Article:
Musician John Darnielle probably didn’t expect to make his TV debut on the set of a satirical Comedy Central show. But then again, what kind of artist wouldn’t want to benefit from the famed “Colbert bump”?
The Mountain Goats
The Life of the World to Come
Darnielle, the creative force and the only constant behind The Mountain Goats, was recently a guest on Stephen Colbert’s late night comedy show, revealing the host to be a huge and borderline nerdy fan of the indie-folk outfit. Despite recent mainstream appearances, the band has maintained a relatively low profile throughout its career, releasing a series of albums with little recognition outside a small music community. With the band’s 17th (yes, you read that correctly) release The Life of the World to Come, the band explores its poppier roots while solidifying its rustic sound. The result is The Mountain Goats’ most accessible album yet.
Darnielle has made a career on exploring the darker components of human emotion, devoting whole albums to an array of themes ranging from failed relationships to methamphetamine addiction. His band has perfected the art of the concept album and its latest release is no exception. Each of the album’s 12 tracks is titled after a different biblical verse, providing the framework for the record’s overarching religious theme.
The album opens placidly with a slow-strummed acoustic downer that pontificates on self-help tapes (“1 Samuel 15:23”) before progressing into a mix of pop-rock guitar anthems and keyboard-based hymns. “Samuel” is an odd choice for an opening track, but it succeeds in orienting listeners to the record’s introspective core.
While many of the album’s songs maintain a more upbeat progression, they preserve the opener’s somber ruminations, continuing the band’s tradition of exploring melancholy subject matters. By rotating between raucous screaming (“Genesis 3:23,” “Romans 10:9”) and calculated crooning (“1 John 4:16,” “Genesis 30:3”), the album provides measured diversity within the confines of its theme and Darnielle’s self-conscious lyrics. Ultimately, The Life of the World to Come is a varied journey through Darnielle’s self-discovery, relying on religious symbols to help its author tell his story.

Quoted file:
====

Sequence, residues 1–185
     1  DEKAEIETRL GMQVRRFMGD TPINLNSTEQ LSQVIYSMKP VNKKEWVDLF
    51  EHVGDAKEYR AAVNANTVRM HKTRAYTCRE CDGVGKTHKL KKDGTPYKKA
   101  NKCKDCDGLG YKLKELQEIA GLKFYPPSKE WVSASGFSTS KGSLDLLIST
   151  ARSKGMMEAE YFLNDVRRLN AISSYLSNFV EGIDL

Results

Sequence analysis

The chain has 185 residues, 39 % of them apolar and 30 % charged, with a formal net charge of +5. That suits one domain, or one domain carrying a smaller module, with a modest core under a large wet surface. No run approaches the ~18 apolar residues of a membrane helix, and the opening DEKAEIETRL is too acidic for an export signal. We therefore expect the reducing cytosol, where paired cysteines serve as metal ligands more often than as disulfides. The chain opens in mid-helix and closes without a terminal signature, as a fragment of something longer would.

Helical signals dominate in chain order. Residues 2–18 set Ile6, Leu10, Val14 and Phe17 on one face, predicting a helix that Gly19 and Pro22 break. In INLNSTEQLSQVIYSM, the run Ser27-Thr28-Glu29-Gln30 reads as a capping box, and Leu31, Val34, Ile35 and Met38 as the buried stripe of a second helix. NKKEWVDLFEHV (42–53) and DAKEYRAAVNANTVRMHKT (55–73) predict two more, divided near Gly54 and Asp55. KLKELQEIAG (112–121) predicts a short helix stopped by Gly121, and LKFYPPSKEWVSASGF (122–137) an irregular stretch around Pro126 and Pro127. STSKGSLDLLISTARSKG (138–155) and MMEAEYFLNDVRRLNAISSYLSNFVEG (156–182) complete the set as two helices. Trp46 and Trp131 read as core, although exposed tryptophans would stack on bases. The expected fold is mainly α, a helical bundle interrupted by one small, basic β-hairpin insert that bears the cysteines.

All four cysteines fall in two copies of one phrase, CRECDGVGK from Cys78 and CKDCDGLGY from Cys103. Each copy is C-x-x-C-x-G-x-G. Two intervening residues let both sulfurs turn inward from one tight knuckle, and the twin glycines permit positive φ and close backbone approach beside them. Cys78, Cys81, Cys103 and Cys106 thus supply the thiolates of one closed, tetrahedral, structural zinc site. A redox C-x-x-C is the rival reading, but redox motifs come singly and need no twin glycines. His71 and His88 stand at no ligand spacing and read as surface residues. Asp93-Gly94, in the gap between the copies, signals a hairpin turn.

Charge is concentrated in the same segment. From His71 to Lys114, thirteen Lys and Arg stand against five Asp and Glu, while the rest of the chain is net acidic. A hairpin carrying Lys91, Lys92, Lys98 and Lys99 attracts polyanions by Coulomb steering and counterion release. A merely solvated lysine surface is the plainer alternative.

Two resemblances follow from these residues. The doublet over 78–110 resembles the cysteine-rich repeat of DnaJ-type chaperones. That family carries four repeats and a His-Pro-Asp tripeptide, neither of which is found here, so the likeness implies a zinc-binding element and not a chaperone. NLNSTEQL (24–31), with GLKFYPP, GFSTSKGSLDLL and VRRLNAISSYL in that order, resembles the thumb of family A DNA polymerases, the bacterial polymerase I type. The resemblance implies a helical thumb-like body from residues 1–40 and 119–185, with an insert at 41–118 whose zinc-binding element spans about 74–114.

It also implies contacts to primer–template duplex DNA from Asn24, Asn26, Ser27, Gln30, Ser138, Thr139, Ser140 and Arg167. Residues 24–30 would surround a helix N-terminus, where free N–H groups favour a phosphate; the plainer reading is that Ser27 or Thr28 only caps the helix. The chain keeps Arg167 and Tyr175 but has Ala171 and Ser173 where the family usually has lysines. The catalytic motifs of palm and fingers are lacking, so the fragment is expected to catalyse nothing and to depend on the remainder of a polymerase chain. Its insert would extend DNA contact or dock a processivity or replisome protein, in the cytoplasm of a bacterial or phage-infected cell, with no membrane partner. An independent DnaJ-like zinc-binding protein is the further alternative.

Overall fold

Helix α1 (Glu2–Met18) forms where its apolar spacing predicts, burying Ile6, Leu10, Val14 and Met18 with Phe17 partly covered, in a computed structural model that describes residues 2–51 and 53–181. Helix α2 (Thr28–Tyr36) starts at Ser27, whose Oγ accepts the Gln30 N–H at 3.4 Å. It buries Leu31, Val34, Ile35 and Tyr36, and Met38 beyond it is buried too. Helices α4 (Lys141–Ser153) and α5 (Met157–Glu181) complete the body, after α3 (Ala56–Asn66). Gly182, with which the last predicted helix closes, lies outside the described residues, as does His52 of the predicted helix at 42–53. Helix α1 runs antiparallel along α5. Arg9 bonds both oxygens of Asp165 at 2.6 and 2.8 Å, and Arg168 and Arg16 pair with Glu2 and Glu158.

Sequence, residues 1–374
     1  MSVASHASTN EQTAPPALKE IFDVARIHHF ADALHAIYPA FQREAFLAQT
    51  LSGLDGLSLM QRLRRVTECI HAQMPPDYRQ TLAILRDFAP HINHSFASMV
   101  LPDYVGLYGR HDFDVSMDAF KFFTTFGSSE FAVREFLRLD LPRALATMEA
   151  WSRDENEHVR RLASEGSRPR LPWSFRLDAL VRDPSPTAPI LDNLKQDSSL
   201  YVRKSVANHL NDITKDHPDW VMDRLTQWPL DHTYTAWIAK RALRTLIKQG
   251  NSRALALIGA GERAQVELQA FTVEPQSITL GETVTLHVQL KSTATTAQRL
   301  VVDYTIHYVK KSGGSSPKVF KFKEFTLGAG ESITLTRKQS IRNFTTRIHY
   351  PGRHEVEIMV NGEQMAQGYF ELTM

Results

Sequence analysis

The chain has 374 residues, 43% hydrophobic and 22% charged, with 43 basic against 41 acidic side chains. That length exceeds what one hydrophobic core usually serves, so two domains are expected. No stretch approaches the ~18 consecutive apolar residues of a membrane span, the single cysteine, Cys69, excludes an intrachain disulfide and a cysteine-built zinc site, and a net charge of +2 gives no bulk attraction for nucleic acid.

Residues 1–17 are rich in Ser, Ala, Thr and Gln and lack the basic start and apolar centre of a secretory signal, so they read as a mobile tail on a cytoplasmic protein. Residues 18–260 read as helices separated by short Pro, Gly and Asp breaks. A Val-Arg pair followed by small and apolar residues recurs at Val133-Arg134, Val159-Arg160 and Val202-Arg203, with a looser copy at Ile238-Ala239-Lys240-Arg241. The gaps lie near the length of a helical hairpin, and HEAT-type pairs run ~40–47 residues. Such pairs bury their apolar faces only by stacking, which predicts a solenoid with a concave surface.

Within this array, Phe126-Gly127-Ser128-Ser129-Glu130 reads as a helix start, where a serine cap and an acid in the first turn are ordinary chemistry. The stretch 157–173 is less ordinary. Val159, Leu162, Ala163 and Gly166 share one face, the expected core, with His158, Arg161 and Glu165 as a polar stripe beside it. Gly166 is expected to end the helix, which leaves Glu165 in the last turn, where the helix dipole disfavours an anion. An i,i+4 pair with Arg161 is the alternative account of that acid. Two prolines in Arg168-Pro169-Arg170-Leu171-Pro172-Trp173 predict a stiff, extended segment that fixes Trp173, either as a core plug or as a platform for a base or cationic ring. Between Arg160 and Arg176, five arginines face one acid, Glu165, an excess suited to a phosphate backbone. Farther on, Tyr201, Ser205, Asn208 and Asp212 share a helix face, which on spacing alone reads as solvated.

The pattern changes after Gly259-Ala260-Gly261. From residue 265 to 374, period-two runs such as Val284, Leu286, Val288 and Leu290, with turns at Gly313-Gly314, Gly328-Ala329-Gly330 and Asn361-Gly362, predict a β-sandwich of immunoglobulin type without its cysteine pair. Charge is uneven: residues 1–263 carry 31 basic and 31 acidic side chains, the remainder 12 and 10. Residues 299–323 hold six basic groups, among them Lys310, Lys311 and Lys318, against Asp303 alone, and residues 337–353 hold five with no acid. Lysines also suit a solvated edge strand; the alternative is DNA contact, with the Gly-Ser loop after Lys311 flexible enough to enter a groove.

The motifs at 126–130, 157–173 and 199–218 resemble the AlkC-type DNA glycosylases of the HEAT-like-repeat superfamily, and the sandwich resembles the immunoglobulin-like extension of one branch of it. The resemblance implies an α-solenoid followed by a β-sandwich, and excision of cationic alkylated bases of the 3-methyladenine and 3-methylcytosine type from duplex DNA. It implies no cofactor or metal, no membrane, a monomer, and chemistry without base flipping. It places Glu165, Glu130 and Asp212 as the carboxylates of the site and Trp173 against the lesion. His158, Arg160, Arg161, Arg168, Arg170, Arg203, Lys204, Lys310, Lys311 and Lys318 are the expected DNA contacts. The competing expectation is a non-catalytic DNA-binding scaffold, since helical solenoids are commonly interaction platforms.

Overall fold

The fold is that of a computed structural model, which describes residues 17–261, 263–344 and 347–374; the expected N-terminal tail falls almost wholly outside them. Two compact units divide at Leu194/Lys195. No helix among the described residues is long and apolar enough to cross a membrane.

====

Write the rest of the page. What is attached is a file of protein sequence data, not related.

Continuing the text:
“Philippians 3:20-21” straddles both the band’s boisterous and subdued aesthetics with a quirky but fairly low-key drum beat pulling together the song’s light acoustic strings and dreamy keyboard flourishes. Darnielle hums the track’s typically caustic lyrics in a voice barely above a whisper, professing “Well the path to the palace of wisdom that the mystics walk / is lined with neuroleptics and electric shocks.”
Although there are positive qualities to both sides of the group’s sound, The Mountain Goats truly shine when heavy words are contrasted with uplifting guitar progressions, all accompanied by Darnielle’s passionate vocals. To that end, the charged “Psalms 40:2” shines as the album’s strongest track and a testament to the Darnielle’s ability to incorporate intricate storytelling with powerful instrumentals. Heavy guitar strings and a persistently strong drum beat frame its heavy-handed words before exploding into a tantrum of musical soundscapes, illustrating the emotions transmitted by Darnielle’s screaming. It’s a classic Mountain Goats ode, and after 17-plus recording sessions with the project, it’s what Darnielle does best.
When The Mountain Goats performed “Psalms 40:2” on Stephen Colbert’s broadcast last week, the band gelled in front of a national audience for the first time. With the group’s latest triumph on The Life of the World to Come, Darnielle’s inspired song-writing should certainly win over folk enthusiasts.